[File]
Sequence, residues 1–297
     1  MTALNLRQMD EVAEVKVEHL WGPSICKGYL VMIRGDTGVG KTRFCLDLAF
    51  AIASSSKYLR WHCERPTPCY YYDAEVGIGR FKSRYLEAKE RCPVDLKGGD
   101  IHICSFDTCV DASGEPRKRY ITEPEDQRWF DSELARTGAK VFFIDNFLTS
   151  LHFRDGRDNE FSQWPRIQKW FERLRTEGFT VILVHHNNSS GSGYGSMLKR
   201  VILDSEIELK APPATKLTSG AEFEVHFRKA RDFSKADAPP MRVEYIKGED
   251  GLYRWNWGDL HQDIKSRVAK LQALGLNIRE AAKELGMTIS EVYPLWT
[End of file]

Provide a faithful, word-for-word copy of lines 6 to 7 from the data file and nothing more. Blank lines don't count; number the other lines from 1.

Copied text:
   201  VILDSEIELK APPATKLTSG AEFEVHFRKA RDFSKADAPP MRVEYIKGED
   251  GLYRWNWGDL HQDIKSRVAK LQALGLNIRE AAKELGMTIS EVYPLWT